Twitter is also my main source for new stories that get featured on Longreads. The community is incredible when it comes to finding and sharing great stories using the #longreads hashtag: @hriefs, @michellelegro, @jaredbkeller, @sherlyholmes, @legalnomads, @katesilver, @nxthompson, @weegee, @eugenephoto, @petersm_th, all recommend excellent links—from magazines like The New Yorker and The Atlantic to regional publications doing outstanding journalism like Texas Monthly, 5280 Magazine, Atlanta Magazine, and alt-weeklies like Minneapolis City Pages and The Stranger.

I’ve bookmarked Mark’s post because I need to go through the links he has included in there more than a few times. Related: my most popular post on this blog is from last year, where I rounded up The Top Five Long Reads of 2010.

4) “Cosmonaut Crashed into Earth Crying in Rage” [NPR] – probably the most fascinating story I’ve read all week. If you’ve ever doubted that the space race wasn’t risky, read this story. If you click through the link, there is a disturbing photo at the top of the page. This is an incredible account of Vladimir Komarov, friend of the Soviet hero Yuri Gagarin (the first man to enter space). The background:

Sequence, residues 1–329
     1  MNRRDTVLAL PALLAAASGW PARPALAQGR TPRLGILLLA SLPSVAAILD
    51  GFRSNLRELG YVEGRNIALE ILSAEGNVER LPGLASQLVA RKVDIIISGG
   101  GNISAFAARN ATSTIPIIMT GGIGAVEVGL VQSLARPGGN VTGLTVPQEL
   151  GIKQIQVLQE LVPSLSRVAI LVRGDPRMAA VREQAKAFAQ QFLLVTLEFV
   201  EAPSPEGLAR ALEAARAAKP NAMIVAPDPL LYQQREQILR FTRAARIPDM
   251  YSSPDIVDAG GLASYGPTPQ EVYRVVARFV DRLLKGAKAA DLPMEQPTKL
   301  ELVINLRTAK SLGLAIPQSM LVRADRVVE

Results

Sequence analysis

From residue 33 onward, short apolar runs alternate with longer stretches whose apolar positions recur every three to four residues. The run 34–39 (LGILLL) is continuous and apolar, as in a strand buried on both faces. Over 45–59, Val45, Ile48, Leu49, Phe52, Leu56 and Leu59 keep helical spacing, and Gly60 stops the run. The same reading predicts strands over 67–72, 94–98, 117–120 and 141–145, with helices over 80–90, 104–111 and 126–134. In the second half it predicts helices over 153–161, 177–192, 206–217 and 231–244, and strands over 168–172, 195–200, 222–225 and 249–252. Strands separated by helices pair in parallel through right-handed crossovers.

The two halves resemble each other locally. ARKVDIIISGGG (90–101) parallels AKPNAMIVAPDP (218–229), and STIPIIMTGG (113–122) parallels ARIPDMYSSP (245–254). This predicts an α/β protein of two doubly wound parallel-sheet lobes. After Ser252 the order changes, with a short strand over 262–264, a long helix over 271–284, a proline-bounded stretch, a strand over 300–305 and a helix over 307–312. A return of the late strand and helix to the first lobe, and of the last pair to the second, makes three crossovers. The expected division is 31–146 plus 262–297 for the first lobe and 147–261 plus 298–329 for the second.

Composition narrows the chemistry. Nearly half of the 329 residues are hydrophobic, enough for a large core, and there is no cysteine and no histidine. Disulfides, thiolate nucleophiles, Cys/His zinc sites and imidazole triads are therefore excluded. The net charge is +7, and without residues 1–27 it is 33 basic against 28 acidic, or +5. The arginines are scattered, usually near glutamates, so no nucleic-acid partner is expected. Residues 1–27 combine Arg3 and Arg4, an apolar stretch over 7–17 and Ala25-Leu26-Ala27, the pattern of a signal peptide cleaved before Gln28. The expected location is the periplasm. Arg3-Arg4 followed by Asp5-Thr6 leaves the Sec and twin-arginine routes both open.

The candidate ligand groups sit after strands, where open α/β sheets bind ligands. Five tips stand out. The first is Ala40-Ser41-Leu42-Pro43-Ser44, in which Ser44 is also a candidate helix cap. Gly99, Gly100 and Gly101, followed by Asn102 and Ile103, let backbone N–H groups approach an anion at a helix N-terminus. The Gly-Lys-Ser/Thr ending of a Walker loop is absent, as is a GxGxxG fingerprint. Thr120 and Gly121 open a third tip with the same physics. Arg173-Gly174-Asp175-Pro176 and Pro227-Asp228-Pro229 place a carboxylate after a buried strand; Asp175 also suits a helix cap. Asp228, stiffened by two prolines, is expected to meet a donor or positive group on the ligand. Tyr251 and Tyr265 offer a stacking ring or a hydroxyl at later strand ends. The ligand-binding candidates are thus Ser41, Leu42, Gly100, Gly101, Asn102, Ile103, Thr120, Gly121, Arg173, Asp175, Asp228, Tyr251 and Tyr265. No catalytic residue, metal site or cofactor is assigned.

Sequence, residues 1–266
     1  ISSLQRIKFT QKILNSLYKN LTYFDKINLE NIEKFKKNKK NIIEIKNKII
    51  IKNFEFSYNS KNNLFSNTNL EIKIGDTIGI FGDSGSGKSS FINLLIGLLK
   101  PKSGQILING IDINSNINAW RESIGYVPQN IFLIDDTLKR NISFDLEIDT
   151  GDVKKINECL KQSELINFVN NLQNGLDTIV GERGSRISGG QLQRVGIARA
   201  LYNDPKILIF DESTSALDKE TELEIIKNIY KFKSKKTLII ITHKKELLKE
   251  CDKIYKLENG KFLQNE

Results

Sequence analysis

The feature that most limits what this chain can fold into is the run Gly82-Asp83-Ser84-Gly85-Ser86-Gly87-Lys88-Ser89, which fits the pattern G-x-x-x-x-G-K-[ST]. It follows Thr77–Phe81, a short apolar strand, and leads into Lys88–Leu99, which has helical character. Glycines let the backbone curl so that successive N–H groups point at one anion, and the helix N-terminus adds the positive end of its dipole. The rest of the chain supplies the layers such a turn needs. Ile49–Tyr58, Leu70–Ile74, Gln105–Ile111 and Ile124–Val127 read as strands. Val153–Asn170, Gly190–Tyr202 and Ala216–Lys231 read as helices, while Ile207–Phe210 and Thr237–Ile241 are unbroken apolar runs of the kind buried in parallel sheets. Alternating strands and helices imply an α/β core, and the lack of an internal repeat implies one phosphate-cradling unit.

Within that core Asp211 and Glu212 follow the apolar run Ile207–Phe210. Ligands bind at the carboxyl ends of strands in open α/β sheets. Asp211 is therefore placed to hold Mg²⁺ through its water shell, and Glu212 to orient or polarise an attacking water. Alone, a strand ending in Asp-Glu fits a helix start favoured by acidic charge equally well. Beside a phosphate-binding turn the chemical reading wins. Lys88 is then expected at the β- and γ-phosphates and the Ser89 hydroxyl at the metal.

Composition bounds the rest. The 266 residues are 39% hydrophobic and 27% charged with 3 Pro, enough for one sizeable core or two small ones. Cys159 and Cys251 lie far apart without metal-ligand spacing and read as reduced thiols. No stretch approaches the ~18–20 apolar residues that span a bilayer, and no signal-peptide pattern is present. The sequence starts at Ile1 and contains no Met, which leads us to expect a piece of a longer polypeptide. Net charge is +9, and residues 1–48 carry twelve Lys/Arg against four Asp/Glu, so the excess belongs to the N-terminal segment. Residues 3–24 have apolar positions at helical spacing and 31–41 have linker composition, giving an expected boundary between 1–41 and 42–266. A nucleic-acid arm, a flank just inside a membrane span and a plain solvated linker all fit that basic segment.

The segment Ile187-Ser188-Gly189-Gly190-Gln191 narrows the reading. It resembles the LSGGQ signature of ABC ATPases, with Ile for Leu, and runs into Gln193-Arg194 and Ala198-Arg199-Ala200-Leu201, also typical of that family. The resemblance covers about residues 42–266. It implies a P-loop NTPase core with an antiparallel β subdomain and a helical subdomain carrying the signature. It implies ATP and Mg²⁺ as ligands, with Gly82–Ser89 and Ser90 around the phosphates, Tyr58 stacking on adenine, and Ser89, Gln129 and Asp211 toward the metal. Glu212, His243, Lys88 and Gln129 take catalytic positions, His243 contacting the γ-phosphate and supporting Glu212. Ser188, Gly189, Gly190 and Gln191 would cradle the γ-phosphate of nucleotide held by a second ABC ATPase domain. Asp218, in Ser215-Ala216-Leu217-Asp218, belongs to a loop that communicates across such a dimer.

In 1967, both men [Komarov and Gagarin] were assigned to the same Earth-orbiting mission, and both knew the space capsule was not safe to fly. Komarov told friends he knew he would probably die. But he wouldn’t back out because he didn’t want Gagarin to die. Gagarin would have been his replacement.

But as detailed in the new book Starman, by Jamie Doran and Piers Bizony, Gagarin and some senior technicians had inspected the Soyuz 1 and had found 203 structural problems. Gagarin even wrote a 10-page memo on his findings, gave it to his best friend in the KGB, Venyamin Russayev, but nobody dared send it up the chain of command (to Brezhnev). So both Komarov and Gagarin knew of the dangers…but what would have happened if Komarov refused to go?

“If I don’t make this flight, they’ll send the backup pilot instead.” That was Yuri Gagarin. Vladimir Komarov couldn’t do that to his friend. “That’s Yura,” the book quotes him saying, “and he’ll die instead of me. We’ve got to take care of him.” Komarov then burst into tears.

An absolutely harrowing account. A must-read.